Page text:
America, the land of opportunity. Etched under the Statue of Liberty are the words of Emma Lazarus:
“…. Give me your tired, your poor,
Your huddled masses yearning to breathe free,
The wretched refuse of your teeming shore.
Send these, the homeless, tempest-tossed to me,
I lift my lamp beside the golden door!”
The poem, written in 1883, welcomed immigrants, wave after wave, to American shores armed with an unshakable belief that in America, anything was possible. America is a land of misfits, those who didn’t fit religious, political, or economic situations abroad. The United States population is a patchwork tapestry of many nationalities and races. Almost every American can trace their roots to some other shore. This is the beauty of America, a beauty that has proven an inspiration to those seeking a better future.
Our faith in the concept of the “American Dream” is imprinted on our collective psyche with as much permanence as Lazarus’ poem. American has traditionally been a beacon of hope and a haven of freedom and opportunity. Armed with an idea and determination, every single person in America has the chance to succeed. That, at least, is the underlying myth.
America is a land of immigrants, but its history of immigration is not all pretty. Europeans forced their presence upon indigenous Native Americans—then bought African immigrants work as slaves in fieldwork and the building of the growing country. A millennium earlier, Native Americans had themselves come across the Bering Sea in one or more waves of immigrants.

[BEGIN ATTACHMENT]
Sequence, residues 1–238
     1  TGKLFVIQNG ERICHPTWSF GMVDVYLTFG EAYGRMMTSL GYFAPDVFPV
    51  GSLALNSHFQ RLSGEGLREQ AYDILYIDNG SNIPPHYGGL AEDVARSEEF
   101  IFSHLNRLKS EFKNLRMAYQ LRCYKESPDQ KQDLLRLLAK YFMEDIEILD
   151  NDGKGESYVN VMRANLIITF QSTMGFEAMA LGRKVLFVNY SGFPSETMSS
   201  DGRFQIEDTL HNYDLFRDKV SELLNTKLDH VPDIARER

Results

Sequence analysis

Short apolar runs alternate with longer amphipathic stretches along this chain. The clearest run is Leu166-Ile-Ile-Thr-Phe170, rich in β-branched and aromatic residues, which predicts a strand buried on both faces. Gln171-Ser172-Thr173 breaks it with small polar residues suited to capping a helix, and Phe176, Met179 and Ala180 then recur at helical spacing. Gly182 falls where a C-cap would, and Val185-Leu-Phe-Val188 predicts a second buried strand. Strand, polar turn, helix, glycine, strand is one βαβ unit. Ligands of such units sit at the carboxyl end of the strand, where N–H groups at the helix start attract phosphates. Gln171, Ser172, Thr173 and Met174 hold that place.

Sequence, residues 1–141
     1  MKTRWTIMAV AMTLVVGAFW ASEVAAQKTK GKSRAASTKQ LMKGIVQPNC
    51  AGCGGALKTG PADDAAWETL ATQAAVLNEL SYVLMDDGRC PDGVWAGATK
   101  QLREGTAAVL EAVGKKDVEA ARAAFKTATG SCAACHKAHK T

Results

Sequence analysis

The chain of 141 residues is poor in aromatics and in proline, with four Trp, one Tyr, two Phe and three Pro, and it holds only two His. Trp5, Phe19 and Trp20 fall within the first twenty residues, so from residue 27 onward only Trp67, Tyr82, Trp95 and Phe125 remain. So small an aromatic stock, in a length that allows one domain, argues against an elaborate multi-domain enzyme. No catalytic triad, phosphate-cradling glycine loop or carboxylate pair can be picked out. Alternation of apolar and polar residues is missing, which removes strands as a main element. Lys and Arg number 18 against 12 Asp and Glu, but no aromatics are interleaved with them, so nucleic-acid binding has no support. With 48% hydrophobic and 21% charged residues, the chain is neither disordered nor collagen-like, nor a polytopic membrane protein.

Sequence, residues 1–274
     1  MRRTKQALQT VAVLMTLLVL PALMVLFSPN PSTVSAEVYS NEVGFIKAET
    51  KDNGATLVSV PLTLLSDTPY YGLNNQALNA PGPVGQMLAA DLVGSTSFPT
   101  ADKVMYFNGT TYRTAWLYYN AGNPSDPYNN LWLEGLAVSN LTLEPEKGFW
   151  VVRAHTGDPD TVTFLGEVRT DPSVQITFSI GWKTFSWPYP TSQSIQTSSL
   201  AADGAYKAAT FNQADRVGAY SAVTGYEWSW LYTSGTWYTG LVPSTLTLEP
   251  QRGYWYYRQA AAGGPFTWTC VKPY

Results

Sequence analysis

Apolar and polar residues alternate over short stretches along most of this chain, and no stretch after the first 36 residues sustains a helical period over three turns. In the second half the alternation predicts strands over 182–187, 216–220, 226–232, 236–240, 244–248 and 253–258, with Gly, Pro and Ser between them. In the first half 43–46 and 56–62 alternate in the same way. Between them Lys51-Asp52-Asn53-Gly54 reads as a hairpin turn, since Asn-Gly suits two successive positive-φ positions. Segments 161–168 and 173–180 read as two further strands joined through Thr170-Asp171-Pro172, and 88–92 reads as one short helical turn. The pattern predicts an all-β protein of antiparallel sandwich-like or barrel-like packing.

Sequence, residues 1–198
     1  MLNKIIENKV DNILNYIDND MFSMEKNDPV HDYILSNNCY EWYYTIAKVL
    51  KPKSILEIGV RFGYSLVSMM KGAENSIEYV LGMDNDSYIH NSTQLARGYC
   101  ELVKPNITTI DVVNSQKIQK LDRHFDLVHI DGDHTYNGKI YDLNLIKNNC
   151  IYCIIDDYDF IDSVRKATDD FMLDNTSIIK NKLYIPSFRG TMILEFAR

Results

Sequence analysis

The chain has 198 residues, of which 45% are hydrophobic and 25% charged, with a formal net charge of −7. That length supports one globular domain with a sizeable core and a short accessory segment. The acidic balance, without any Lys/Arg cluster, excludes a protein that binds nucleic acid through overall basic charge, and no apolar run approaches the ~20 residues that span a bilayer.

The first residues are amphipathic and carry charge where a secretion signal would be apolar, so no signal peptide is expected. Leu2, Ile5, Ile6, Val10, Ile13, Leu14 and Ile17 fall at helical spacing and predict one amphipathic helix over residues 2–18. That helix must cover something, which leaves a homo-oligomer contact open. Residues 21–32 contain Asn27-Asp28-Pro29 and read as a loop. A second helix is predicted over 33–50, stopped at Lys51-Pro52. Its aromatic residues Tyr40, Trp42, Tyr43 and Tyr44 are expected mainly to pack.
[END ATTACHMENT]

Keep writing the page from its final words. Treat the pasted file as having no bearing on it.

From the 17th century on, prejudice and struggles rose among competing European groups: English, Spanish, French and Dutch. Over time, waves of German-speaking, Irish Catholics, Jewish, and slightly darker-skinned Mediterranean immigrants would face various kinds of discrimination from the more established British Protestants.
Immigration was, and continues to be, a crucial issue in America. The issue hits on several fronts. The labor department warns about the impact of deportation on jobs. Law enforcement points to the impact that granting citizenship might have on focusing their investigations on dangerous immigrants. Some religious institutions and leaders have argued for moral treatment of illegal immigrants and compassion on “aliens and sojourners” (biblical terms). Taxation, health care, and election results are each impacted by immigration policy. How much money should be spent by the federal government beefing up security along the border with Mexico?
One side of the Immigration Debate worries about taking jobs away from those already unemployed in the U.S. and about the swelling of a welfare-entitled lower class attracted to politicians who promise provision—as well as an increased influx of criminal activity. The other side claims humanitarian concern and argues that immigrants are needed to take jobs no one else wants—and that, in turn, they boost the economy through purchases and taxes, and in some cases creating new businesses.